The guest of honor appearances were initially not an annual occurrence, but instead were alternated with special topics. The 1978 special topic, "Children and Books," turned into a fiasco when a study found evidence of racism in 900 German children's books. African identity was the topic in 1980, and in 1982 the fair was dedicated to religion. The topic of the 1984 book fair -- the dangers of a future totalitarian state -- stemmed from the famous title of George Orwell's novel "1984," which had come to symbolize the dystopian vision of a society where the individual is under total surveillance and control. Ten years after Latin America's resounding success as a guest of honor, the literature of the Indian subcontinent was presented in 1986.

"My goal was to bring together and stimulate discussion of global problems in one building," says Peter Weidhaas as he looks back on his work as the seminal director of the Frankfurt Book Fair. But he was apparently ahead of his time when he chose India in 1986. The topic was unpopular and the media remained caught in its prejudices. Unlike 2006, when India had its second appearance as a guest country at the fair, the 1986 event failed to stimulate interest in the country's literature.

The Indian fiasco led to a significant change in the program. The next guest country, Italy, was the first to fund and structure its exhibit at the fair, in 1988, spending 29 million German marks. The Frankfurt organizers were no longer able to pay the costs and opted to simply make the space available to the guest of honor. From then on, a different country or region staged its own exhibit in Frankfurt every year, paying for the event out of its own pocket. A new guest of honor concept had been established. Now the guest was also entitled to determine which authors it chose to invite to Frankfurt.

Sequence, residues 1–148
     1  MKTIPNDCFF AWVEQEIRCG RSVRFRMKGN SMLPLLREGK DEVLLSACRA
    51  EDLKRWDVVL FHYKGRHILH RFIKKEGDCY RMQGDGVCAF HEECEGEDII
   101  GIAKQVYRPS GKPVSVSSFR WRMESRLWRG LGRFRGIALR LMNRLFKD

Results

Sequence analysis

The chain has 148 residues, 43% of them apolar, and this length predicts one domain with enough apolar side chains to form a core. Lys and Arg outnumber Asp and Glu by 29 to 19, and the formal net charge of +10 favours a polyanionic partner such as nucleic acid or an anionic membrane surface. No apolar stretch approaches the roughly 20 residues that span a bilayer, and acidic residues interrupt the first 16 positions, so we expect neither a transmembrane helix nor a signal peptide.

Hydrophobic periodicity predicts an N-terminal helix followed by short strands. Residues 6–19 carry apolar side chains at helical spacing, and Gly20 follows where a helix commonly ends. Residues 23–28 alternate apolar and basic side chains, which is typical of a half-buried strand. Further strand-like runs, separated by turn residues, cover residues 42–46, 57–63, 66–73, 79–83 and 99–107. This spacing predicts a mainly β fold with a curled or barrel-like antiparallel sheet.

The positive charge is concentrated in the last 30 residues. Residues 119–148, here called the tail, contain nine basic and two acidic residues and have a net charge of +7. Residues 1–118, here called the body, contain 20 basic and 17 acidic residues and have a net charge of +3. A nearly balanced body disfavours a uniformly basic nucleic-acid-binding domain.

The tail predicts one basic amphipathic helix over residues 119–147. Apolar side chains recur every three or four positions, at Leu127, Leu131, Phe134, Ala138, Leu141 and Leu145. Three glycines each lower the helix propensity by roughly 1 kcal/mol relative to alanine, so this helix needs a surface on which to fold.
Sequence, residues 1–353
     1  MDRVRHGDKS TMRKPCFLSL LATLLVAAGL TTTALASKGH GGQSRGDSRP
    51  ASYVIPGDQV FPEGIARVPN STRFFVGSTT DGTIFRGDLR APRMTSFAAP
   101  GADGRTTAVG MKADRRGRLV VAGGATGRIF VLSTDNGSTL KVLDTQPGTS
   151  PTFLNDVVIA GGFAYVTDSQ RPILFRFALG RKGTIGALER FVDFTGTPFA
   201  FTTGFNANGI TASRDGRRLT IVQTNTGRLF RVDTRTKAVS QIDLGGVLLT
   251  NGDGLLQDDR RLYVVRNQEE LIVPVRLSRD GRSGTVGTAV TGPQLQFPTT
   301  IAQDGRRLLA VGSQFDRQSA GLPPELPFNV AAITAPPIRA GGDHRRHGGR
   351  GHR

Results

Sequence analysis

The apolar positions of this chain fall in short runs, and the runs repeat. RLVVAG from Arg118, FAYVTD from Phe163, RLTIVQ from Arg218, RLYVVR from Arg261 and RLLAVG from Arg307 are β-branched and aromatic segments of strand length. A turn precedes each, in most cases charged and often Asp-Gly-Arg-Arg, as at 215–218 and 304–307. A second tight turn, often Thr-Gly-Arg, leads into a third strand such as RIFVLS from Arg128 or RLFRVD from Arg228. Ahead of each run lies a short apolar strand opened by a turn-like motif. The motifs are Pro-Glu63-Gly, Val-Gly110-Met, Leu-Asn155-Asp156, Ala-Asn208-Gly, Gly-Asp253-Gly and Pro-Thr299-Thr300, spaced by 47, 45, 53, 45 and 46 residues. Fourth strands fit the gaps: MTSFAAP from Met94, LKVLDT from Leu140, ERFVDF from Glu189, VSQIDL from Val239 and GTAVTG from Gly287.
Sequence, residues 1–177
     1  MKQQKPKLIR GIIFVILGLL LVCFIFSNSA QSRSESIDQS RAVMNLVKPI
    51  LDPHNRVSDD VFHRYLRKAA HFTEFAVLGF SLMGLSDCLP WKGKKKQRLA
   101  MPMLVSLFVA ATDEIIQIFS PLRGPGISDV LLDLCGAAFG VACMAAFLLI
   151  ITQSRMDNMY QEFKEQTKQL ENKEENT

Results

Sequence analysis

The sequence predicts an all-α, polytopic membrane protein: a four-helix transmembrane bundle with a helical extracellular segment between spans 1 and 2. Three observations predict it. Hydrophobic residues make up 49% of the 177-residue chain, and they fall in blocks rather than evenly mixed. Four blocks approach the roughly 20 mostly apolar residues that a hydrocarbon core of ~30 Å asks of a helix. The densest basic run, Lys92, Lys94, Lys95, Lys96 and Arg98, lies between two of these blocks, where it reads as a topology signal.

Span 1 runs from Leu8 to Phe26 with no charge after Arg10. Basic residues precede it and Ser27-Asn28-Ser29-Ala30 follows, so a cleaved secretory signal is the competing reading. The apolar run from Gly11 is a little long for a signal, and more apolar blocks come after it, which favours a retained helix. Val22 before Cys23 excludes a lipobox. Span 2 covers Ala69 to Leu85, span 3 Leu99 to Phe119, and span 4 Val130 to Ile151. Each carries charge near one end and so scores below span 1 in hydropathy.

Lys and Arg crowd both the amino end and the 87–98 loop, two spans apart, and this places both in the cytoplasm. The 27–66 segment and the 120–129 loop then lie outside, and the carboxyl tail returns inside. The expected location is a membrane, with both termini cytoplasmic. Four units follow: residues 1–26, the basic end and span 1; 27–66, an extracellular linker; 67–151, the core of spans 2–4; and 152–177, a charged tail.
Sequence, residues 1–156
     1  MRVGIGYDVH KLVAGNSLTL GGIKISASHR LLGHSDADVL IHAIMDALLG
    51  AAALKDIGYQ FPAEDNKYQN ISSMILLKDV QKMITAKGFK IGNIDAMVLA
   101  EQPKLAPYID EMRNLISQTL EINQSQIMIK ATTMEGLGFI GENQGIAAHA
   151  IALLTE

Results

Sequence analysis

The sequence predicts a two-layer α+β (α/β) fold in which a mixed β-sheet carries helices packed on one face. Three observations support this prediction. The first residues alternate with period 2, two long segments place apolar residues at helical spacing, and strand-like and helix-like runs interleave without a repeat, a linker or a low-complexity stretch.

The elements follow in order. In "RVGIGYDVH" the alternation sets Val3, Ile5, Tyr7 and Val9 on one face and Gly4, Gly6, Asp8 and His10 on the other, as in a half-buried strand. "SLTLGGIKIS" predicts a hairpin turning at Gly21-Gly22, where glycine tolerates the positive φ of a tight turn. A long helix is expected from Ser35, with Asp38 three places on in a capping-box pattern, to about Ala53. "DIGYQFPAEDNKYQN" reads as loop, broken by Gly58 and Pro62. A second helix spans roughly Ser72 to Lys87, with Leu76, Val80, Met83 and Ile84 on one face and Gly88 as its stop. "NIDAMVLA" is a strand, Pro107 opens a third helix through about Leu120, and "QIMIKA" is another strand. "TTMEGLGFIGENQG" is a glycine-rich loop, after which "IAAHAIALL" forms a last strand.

In the 1990s, the commercial aspects of publishing increasingly influenced the selection and presentations of the guest of honor. The Frankfurt Book Fair was no longer capable of upholding its original goal of being a platform for burning social and political issues. Lorenzo Rudolf, who succeed Peter Weidhaas and was the fair's director from 2000 to 2002, felt that the guest of honor concept was no longer up to date. He created the "Frankfurt Futura Mundi -- Bridges for a World Divided," held for the first time in October 2002. But many of the invited authors felt that discussing world affairs was too much to ask.